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Facts about Attendance

Some facts about school attendance…

  • 90% attendance is like having a day off every two weeks.
  • Most children should routinely have attendance rates of 97% or more. This is the equivalent of 6 days absence a year. BUT 100% is achieved by many pupils every year in both primary and secondary schools.
  • A 2 week holiday each year in primary school means a total of 14 weeks teaching time missed— this could have a real impact on their basic literacy and numeracy skills.
  • It is the school and not parents who decide whether or not to authorise absences. The parent’s note is necessary because the reasons given need to be considered by the school.
  • Keeping children away from school for no good reason is a criminal offence.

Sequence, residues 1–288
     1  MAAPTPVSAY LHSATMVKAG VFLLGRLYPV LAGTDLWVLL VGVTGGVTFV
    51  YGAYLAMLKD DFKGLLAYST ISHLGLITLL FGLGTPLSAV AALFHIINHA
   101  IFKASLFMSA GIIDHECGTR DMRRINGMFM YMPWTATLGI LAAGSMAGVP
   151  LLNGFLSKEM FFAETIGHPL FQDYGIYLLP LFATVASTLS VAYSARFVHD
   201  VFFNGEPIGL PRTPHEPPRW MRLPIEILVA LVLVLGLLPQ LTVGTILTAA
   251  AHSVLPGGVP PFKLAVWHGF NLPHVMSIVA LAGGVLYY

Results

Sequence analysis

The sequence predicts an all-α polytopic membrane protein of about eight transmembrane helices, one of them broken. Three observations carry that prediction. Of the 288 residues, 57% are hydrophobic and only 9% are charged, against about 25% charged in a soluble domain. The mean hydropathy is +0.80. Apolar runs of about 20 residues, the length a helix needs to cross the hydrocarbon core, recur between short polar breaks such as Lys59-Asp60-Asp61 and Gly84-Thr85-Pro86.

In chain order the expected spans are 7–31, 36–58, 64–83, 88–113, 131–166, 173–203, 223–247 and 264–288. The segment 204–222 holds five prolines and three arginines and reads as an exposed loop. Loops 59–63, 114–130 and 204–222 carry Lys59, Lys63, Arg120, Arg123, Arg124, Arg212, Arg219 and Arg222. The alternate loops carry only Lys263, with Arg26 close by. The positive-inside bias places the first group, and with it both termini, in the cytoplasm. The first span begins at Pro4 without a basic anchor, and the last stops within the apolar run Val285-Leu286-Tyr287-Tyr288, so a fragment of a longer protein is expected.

• Prolonged absence from school can lead to loneliness. It can make it harder for your child to get along with other children and make friends.
  • Looking after other children, birthday treats or shopping for new clothes are not good enough reasons to keep your child off school. The schools will not authorise absences without a good reason for your child being off.
  • Keep an eye out for early signs of your child not wanting to go to school, such as moodiness, headaches, or stomach aches, especially at important times like the transition into a new year group or after the school holidays. Act upon these signs early, please don’t be frightened to speak to someone in school or ring the Education Welfare Officer allocated to the school.
  • If your child does not go to school regularly and you fail to work with the school and the Education Welfare Service then you may be fined up to £2500 or be given a Parenting Order.
  • Remember the only legally accepted reasons for not being in school are illness, holiday approved by school or a day of religious observance.
  • 80% attendance is the same as having a day off every week.
  • Some parents have been given a prison sentence for continually failing to send their child/children to school.
  • The Government regard 96% as the minimum satisfactory attendance for a primary school pupil.
  • Children with poor attendance often become the victims of bullying.